That Left-Hand Side: Turning Your Website Into a Potent Sales Machine
2000 Harmony Major

Only a few of the millions of business websites online actually generate a *consistent* profit. There's one critical thing that nearly all of these websites have in common, which is how they use their upper left-hand corner. Are you using YOURS correctly? I hate to sound cynical, but probably not.

The following methodology will help YOUR website generate a consistent profit by putting its left-hand side to use:

  1. Define your main goal.

    What do you want your website to do? It can do several things at once, (i.e. build your subscriber list, build your credibility, get the sale, etc.), but there should be ONE thing that you want it to do above all others. What is that one thing?

    With business owners, this can prove to be a difficult decision to make. For instance, I want all of my websites to do several things. Get subscribers and sales, build my credibility, and increase my publicity. However, I have several sites, and each one of those accomplishes a different task on its home page.

    It's alright for your site to have several goals, but make sure you know what the PRIMARY goal is, so you can apply that to this next step.

  2. Make sure the top left corner of your home page is ONLY used to achieve that primary goal.

    After you've defined your main goal above, your job is now to be sure that your website is streamlined to accomplish that goal. And, not only your website, but more importantly, the upper left corner of the first fold. (The "first fold" is the part of a Web page that a visitor sees before having to scroll.)

    You should NOT have a logo taking up that space -- unless your site is designed for branding purposes. But, most small business sites don't have the budget to drive people to their websites to build a brand name.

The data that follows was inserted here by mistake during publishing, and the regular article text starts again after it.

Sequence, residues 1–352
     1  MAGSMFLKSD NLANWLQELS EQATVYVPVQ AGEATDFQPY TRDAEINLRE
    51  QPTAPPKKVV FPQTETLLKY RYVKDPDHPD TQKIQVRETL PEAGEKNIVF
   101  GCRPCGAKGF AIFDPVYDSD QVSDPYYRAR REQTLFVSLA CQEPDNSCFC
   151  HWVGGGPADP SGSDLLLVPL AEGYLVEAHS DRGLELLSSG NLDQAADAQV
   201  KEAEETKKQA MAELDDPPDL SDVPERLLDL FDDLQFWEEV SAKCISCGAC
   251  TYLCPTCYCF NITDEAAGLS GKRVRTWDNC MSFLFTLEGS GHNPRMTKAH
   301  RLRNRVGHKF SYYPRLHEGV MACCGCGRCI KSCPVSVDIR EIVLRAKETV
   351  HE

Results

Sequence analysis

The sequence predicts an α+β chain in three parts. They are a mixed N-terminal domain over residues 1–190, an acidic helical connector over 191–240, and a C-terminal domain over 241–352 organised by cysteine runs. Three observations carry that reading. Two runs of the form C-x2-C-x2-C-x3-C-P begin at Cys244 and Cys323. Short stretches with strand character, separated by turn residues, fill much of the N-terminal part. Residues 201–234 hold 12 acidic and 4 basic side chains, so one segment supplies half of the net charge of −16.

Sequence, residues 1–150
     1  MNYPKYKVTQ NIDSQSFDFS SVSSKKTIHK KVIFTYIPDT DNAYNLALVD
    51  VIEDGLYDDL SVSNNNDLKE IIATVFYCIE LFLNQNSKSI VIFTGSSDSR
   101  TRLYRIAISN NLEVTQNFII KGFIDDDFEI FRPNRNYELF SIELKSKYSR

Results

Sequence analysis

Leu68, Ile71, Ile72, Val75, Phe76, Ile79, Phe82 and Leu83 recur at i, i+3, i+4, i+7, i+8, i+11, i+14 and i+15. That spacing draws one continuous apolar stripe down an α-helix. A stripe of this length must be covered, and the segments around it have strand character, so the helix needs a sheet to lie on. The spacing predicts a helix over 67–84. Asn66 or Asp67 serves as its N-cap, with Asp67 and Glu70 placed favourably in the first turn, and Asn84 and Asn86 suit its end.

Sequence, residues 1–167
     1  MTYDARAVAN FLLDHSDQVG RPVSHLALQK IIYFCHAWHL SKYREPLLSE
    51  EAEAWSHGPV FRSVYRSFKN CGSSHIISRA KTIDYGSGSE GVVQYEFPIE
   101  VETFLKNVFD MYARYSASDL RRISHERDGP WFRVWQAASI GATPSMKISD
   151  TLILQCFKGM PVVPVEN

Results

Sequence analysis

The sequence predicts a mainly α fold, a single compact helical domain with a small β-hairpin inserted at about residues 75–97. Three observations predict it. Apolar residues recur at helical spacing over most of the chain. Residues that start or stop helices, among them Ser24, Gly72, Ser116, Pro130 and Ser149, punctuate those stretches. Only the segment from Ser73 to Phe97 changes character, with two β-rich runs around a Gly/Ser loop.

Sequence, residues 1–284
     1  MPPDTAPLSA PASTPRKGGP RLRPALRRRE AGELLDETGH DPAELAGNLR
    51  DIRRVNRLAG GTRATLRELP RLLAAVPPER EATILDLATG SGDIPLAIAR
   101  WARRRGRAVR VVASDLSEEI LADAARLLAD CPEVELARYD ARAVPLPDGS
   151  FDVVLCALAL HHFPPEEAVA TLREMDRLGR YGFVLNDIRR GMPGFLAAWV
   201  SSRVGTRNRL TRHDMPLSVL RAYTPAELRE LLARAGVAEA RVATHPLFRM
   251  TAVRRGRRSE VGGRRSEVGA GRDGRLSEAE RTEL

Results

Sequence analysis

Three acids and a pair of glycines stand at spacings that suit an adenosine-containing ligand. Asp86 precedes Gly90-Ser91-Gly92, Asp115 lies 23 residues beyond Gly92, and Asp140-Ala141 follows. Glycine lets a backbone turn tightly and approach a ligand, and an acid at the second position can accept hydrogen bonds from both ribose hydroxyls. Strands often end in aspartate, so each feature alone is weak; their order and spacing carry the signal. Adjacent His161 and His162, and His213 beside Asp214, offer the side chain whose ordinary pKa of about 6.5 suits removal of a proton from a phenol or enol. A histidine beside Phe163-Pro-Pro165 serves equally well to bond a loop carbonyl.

You should NOT have a huge portrait of yourself taking up that space -- unless your site's main goal is to show the world how beautiful you are, and how well-suited you'd be for somebody's runway. ;-) Now, make no mistake -- having your picture on a business site is certainly a good thing. Even so, you don't want it to be the main focus of your website. But more on that later.

  3. Review examples of exceptional sales sites.

    Learn by example. A few sites I've come across that have their goals clearly-defined on the front page are:

    1. Bizpromo Internet Marketing Center:

      Notice the subscribe form prominently displayed in the upper left corner of the home page. This site's main goal seems to be to sign up as many ezine subscribers as possible. And, if you'll take a minute to browse through the site, you'll notice that this subscribe form is on the top left of EVERY page. In this case, Terry Dean is using his newsletter list as his own personal sales machine. His subscribers are his prospects, who may later become customers.

    2. BizWeb2000:

      Judging by the links in the top left corner of this site, its main goal is to help the webmaster build rapport and credibility with visitors. Then, the search box is to drive people deeper into the site. But, this "credibility" goal ties into something bigger -- getting sales. The credibility goal is to get customers in a buying mood, to trust Jim Daniels and his accomplishments, and to eventually lead them to the sale.

    3. What's Next Online:

      This is one system that I personally love. The focus of this site is SO clear, I have a hard time believing that this isn't one of the most successful sites on the Web. It states the goal up front and immediately -- "Want to sell the pants off your competitors?" WOW. Go to this site and check out B.L. Ochman's goal statement, which is actually presented right on the page, after that goal.

      First, she draws you in with a question. If you relate to that question and want to learn more, she tells you straight out to "come on in," and "let's get to work." Her picture on the right side of the page is to start building credibility, and you'll notice that her navigational system is ALSO on the right. Which leads me to the next point...